A female friend recently lamented in her blog that she was having a hard time attracting male attention. The reason, she said, was that she was perceived as being beyond her “sell-by date.”
The term has increasingly made its way into the mainstream conversation. Where once it strictly referred to perishable items in the grocery store, it’s now being applied to a whole host of situations, many of them having nothing to do with freshness.
It’s worth noting upfront that most food is still edible after its sell-by date, and that stores are not required to remove food from the shelves. The dates stamped on the packages also vary by states, with some areas requiring highly volatile items like milk to be sold before the sell-by date, others saying it’s okay to leave it up.
All of that points to the fact that sell-by is not a strict cut-off date, but an advisory on when you should start to consider other options.
Women are particularly sensitive to the term. Given the biological imperative, they are victimized twice — once when they are too old to bear children, again when they are compared to men of a similar age. Expect the issue to emerge in the race for US president in 2016 if Hillary Clinton enters, as expected. She would be 69 at inauguration, or roughly the same age as Mitt Romney would have been had he been elected. And, of course, there’s granddaddy Ronald Reagan, who was a month short of age 70 when he took the Oath of Office.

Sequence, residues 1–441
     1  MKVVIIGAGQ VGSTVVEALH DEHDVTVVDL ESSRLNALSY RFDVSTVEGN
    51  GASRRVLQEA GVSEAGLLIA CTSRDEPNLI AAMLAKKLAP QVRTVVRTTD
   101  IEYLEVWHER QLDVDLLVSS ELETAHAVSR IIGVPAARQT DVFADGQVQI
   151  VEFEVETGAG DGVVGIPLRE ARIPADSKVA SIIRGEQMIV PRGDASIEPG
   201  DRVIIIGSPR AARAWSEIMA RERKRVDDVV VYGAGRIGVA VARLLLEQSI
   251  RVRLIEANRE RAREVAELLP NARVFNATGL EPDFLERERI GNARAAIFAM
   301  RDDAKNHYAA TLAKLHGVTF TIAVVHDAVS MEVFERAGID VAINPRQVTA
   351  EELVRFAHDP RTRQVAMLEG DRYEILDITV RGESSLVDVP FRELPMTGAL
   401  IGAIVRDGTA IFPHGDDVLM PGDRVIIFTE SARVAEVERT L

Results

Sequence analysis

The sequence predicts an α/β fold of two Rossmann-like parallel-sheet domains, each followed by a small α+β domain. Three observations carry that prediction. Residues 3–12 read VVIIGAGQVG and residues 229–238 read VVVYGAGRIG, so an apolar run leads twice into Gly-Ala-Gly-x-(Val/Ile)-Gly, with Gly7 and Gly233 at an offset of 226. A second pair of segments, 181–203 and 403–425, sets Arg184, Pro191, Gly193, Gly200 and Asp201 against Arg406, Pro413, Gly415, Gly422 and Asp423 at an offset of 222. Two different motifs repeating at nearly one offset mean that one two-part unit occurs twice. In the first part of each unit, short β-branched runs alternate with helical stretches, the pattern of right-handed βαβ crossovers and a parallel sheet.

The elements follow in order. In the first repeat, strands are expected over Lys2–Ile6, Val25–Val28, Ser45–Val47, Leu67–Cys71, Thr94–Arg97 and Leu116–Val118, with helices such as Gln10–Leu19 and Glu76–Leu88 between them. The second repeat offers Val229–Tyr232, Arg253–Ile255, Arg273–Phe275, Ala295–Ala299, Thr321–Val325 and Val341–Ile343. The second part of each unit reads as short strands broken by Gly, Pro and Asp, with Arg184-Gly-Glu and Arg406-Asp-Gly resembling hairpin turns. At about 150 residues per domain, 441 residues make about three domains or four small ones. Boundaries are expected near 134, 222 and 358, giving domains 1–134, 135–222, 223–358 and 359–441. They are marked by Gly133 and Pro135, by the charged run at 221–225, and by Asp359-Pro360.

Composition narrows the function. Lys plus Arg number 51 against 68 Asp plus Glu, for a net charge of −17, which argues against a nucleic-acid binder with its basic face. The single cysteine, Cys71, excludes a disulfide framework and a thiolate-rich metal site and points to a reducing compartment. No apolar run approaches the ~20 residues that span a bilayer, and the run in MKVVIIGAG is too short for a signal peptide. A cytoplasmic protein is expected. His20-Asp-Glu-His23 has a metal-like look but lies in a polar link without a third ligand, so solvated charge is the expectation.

The Effects of Aging
While it is true that there is no absolute “sell-by date,” it is also a fact that certain functions diminish with age. There’s a long-running perception that baseball players hit their prime at age 27, gradually diminishing in bat speed and overall athletic ability from there. Other sports have similar age ranges, with most pegging optimal ability somewhere between age 26 and 29. Yes there are outliers, but putting together a team mostly on the Jersey side of 30 is asking for trouble.
Intelligence can also be affected by the aging process, although the measurement is more in reaction times and visual acuity. And it certainly doesn’t consider acquired wisdom and experience. Faster is not necessarily better, as we’ve learned in journalism and automobile driving.
Music ability is also something that has a prime age, although it too can be offset by experience — and a good sound man. Voices begin to warble as vocal cords are stretched in the 40s, and dexterity can be lessened by advancing age. Of course, muscle memory, and the smarts not to reach for the high notes, can mask a few things. And fans of older musicians tend to be older and more forgiving themselves. See Shirley Bassey at the Academy Awards two years ago for details.
Of course, it’s inevitable that there will be a reckoning on sell-by dates. After all, they warn of impending spoilage, which will eventually happen to all products — and humans. There’s even a handy guide available to let you know the approximate times when you should give in and toss something. At least with food.
That guide may not get you a date. But it certainly will save you hours of embracing a receptacle, from eating tainted food.